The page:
Book Bag: ‘Silver Beach’ by Claire Cox; ‘Our Diminishments’ by Robin Amelia Morris

Staff Writer
Monday, April 12, 2021

Silver Beach by Claire Cox

University of Massachusetts Press

There are dysfunctional families, and there are dysfunctional families that aren’t even together. The latter is the case with the characters in “Silver Beach,” the debut novel by Claire Cox, a Hampshire College graduate who won the 2020 Juniper Prize in Fiction from University of Massachusetts Press, which has published the novel, set partly in Northampton.

Silver Beach is the name of a town and beach outside San Diego, a place full of bitter memories for Mara, her half-sister, Shannon, and their mother, Linda. When Mara was 7, her older sister, Allison, drowned in a riptide off the beach, and the family began to disintegrate. Mara’s father, Charlie, took her to Boston to live with him, and Shannon, the baby of the family but actually the daughter of Linda’s now-vanished boyfriend, stayed with Linda.

Some 25 years later, the once-beautiful Linda has become a hopeless drunk who lives on disability and rent checks her ex-husband sends her. Shannon is a pothead and drinker who still lives at home and works a dead-end job; she’s resentful that she still has to tend to Linda. Mara, who lives in Northampton, is a school librarian, a tightly wound woman who keeps many secrets to herself, including from her lover, Nell; the two are former classmates from Smith College.

When Linda suffers a heart attack and has to be hospitalized, the long-dormant embers of this broken family are stirred up. Shannon’s first impulse is to put Silver Beach in the rear-view window forever; she calls Mara to tell her about the emergency and implores her half-sister to come to California. She lies to Mara that she’s in jail and can’t help Linda herself, then hits the road with a friend.

Mara flies to San Diego, but once arrived she’s undecided whether she’ll actually visit Linda, who’s been moved temporarily to a halfway house after being discharged from the hospital. It’s been years since Mara’s seen her mother, and the memories aren’t good. For instance, she recalls Linda coming to her graduation at Smith and becoming drunker than she’d ever seen her.

“I had three little girls once,” Mara remembers her mother saying that night in the depths of her intoxication. “The first was my favorite. The sea stole her away, just like that. The second one, the smart one, she was too good for me, she ran away. She left me alone. With the third little girl. Who hates me.”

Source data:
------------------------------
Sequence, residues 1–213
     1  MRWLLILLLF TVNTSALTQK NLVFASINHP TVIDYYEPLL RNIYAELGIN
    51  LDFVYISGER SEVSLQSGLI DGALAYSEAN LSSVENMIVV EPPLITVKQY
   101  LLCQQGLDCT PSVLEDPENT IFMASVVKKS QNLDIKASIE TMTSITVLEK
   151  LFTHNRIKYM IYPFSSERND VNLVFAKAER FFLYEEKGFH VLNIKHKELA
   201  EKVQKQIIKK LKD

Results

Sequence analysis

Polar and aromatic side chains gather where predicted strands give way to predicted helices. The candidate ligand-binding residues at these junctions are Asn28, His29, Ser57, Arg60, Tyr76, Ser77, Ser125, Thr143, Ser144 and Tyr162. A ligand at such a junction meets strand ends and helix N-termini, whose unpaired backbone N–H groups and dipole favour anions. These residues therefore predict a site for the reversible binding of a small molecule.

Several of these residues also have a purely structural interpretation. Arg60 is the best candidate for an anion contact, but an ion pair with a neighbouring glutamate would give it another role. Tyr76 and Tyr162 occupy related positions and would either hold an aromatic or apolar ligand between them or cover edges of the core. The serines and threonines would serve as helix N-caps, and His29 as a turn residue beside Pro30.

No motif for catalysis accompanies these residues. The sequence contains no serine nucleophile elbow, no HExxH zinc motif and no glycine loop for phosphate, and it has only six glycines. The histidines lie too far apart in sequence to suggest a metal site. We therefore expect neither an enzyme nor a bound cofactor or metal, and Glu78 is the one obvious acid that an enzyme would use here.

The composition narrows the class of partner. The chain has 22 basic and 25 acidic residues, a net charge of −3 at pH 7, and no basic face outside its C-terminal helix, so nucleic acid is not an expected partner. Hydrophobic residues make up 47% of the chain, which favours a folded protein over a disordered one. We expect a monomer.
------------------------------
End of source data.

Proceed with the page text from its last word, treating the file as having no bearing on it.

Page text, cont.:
Cox, who lives in New York City and teaches high school English, creates a particularly strong portrait of Mara, a cool, professional woman who’s forced to reassess her life in light of her mother’s breakdown. Even as she recognizes the need to open up to more people, Mara can feel herself being drawn ever closer to a solitary existence: “She can disappear into her own life. She doesn’t have to go anywhere.”

Yet she must also consider her responsibility to Shannon, who desperately needs help and guidance, something she’s never gotten from Linda. Mara must also contend with Shannon’s resentment toward her for seeming to have coasted through life, and she has to confront her own buried memories of Allison’s death. Still more: Mara will be forced to reckon with the fallout from an impulsive decision she makes in San Diego.

Shannon, meantime, must battle with addiction, just as her mother has, while trying to overcome her sense of failure and belief that she’s not smart enough to move beyond the boundaries of her circumscribed life.

How Mara and Shannon negotiate this uncertain terrain, including decisions on what to do about Linda, forms the heart of “Silver Beach,” a novel that one reviewer calls a “stellar, and haunting debut…. Claire Cox inhabits the grief-shadowed lives of her protagonists with lucid precision.”

Our Diminishments: Poems by Robin Amelia Morris

Kelsay Books

Robin Morris, who lives in Amherst, once worked in film and video post-production in New York City before moving to the area to get a master’s in poetry and a Ph.D. in English from UMass Amherst. She now teaches online and has published her poems in journals including “The Comstock Review” and “North American Review.”

Morris has also published a chapbook, “Our Diminishments,” with 26 poems that look at a range of subjects: the natural world (and the threats to it), the legacy of ancestors, the change of seasons and more. There are visions of possible future apocalypse and memories of her mother calling to her cats.

“Towering Graveyard” looks at the cycles of nature by conjuring a familiar image: melting icicles. “Released by sun from their shining isolation, / the icicles outside my window keep slipping. // It’s a shotgun wedding — / They’re forced into melting embrace // as they hit the ground. / Merged, they freeze again.”

“Greylock” is an ode both to the state’s tallest mountain and to the timelessness of nature, its enduring presence amid the decay of so many things built by men and women. The poem’s narrator, on a hike, describes metal “imposters” emerging in the strands of oak and birch, remnants of a defunct ski lift “rusting / beneath peeling green paint on some, / red paint on others.”

These “giant skeletons” remind Morris of her own past and spawn a wish that someday she’ll be part of the rhythms of the natural world: “I hope to follow their example / and merge back into forest, / releasing all ambitions, dreams of swift ascent.”

“There is a vigorous intelligence behind the poems in Robin Morris’s first collection, and piercing revelations,” writes one reviewer of the chapbook. “Morris hitches a 21st-century sense of fragmentation to the twin horses of scientific progress and apocalyptic vision. ... the arrow of fate runs sharply throughout.”